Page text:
I just got an letter in the mail inviting me to a retreat by organization that has been called a “Jewish hipster skull and bones.” The letter wasn’t an invitation as much as it was a provocation, inviting me — in advance of the retreat — to get myself genetically tested (FOR FREE!!) and then, take part in a conversation about “how genetics influences our sense of identity.”
Um…. I’m creeped out. really? you want me, a post-holocaust Jew to get my Jewish genes genetically tested because there is a correlation between my genes and my Jewish identity? And presumably, you expect there to be some value in understanding my genetic makeup as it pertains to my Jewish self?
Apart from the obvious creepiness that my genetic makeup is going to be cataloged by a for-profit corporation, and apart from the fact that the relationship between one’s genes and one’s health (to take but one example) is still really dicey, there are so many, many ways in which this is troubling or otherwise difficult to swallow, so I’ll focus here on just two:
1. I am pretty sure that my notion of “identity” is well-past the tribal-genetic-blood-quantum idea of identity that sits firmly in the maw of late 19th century pseudo-science. I believe that W E B DuBois was right, when he said that the “color line” was going to be one of the definitive phenomena of the 20th century, and I was hoping that here, nine years into the 21st century, we maybe figured something out that would allow us, at least, to ask more interesting questions about identity — particularly communal or “ethnic” identity — than what our genes (might) tell us. Most of my scholarly life (and my personal life, too) is about working AGAINST these archaic ideas about identity being tied to one’s bloodlines, and just because we now can find out a person’s genetic makeup doesn’t seem to me to promise a whole lot in the way of helping us understand our identities.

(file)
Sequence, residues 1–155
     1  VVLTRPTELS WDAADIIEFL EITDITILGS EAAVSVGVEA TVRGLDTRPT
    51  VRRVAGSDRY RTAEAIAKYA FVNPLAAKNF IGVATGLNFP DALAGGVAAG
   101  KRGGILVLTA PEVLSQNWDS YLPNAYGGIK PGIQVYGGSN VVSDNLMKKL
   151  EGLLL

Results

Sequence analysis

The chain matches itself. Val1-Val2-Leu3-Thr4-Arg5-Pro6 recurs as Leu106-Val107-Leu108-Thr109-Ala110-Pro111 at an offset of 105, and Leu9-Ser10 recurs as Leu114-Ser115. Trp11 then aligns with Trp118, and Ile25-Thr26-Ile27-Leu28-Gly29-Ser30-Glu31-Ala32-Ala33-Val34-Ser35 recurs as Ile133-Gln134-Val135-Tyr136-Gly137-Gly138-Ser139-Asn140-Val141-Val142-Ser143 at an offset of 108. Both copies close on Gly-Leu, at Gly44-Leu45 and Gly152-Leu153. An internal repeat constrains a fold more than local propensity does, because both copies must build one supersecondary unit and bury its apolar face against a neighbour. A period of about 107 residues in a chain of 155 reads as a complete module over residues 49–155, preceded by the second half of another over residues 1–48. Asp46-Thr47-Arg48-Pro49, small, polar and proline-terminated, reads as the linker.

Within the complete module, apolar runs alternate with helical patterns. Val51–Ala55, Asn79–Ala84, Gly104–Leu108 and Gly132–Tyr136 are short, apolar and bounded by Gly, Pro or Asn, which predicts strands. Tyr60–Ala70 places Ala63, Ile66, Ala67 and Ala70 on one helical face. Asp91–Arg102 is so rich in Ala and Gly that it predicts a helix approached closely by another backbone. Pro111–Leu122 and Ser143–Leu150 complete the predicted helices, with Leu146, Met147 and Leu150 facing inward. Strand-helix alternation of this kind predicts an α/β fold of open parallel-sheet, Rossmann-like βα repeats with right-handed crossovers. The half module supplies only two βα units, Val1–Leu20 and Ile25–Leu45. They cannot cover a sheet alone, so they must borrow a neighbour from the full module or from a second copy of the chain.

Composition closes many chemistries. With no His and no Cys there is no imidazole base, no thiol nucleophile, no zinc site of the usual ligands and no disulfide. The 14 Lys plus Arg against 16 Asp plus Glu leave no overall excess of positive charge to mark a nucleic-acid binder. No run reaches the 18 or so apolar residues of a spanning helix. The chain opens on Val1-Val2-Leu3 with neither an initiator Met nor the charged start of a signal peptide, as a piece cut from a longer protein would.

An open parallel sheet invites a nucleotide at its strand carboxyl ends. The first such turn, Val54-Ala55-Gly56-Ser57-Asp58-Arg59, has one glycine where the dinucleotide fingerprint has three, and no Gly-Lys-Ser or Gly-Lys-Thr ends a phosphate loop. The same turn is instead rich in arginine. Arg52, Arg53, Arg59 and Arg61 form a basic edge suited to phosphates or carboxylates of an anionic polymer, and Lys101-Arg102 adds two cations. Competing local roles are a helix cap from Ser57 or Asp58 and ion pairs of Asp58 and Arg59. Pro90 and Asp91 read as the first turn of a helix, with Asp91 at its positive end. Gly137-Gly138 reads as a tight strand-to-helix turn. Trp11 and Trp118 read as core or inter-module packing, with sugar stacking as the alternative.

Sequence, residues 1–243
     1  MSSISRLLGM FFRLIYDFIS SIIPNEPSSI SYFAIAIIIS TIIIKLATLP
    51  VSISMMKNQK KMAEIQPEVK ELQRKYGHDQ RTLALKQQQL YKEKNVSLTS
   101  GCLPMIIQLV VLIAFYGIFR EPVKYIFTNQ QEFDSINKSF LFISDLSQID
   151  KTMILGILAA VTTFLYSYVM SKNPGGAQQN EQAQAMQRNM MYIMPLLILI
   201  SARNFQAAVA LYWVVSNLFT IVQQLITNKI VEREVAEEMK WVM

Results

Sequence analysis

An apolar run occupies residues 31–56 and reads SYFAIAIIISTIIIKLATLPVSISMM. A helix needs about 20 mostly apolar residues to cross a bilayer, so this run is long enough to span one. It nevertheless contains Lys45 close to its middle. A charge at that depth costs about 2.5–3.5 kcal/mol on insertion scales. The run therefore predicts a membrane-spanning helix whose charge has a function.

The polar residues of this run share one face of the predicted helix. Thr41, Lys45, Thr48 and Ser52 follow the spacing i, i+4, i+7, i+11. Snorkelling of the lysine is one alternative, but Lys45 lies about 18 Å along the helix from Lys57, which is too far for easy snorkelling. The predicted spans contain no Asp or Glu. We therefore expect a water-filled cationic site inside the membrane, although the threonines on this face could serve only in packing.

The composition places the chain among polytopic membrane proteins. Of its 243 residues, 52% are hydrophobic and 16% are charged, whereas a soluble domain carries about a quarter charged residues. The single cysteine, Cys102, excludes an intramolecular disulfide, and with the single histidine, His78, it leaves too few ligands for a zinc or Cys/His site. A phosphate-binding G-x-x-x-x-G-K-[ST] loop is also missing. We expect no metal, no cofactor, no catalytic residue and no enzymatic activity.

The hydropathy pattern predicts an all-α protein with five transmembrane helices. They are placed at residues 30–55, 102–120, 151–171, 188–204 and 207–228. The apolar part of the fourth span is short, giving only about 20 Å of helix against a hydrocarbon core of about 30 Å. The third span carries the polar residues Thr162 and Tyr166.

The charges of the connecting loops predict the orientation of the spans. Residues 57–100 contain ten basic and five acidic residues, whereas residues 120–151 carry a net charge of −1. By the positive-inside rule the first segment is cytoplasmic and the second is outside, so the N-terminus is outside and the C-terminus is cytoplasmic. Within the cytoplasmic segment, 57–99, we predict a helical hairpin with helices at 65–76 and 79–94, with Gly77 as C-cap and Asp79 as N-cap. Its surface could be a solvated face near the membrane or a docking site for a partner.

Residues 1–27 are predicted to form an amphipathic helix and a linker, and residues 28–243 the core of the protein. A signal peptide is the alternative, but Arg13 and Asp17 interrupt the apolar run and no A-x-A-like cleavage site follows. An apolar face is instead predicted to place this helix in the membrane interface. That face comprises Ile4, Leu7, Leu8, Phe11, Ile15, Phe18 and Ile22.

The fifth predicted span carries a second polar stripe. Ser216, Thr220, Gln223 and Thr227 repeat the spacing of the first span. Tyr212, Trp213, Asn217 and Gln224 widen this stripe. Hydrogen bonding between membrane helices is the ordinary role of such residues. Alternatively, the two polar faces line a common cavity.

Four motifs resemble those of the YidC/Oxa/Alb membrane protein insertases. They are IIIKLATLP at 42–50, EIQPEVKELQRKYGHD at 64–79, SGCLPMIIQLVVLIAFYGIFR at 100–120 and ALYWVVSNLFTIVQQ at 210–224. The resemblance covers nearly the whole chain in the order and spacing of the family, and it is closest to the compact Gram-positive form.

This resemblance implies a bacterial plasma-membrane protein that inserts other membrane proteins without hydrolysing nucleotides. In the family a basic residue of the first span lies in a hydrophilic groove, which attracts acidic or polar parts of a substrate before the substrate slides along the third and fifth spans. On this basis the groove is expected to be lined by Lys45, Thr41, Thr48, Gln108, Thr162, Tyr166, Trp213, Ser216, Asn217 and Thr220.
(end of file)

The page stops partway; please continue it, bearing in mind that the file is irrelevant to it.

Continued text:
2. Even if we take a cultural constructionist approach to identity, adding a little about one’s genetic makeup to the mix seems to me not a bad idea, necessarily. I mean, our identities are constructed, in part, by social responses to our physical manifestations (whether one presents as tall, short, good-looking, a male or female, light or dark-skinned, and so on). Thus, genes aren’t completely beyond the pale of conversation, but they’re no more part of the conversation, it seems, than those other aspects of identity; Why not also convene conversations about height? about blonde-vs-brunette hair color? About left-handedness.
Apart from making people panic about their health (or the potential proclivities toward particular diseases), I can’t figure out why or how looking at one’s bloodline – from a strictly biological standpoint — is really going to help advance this conversation, or our understanding of what it means to be Jewish. Or tall. Or good looking. Or a man or a woman. Or, simply, human.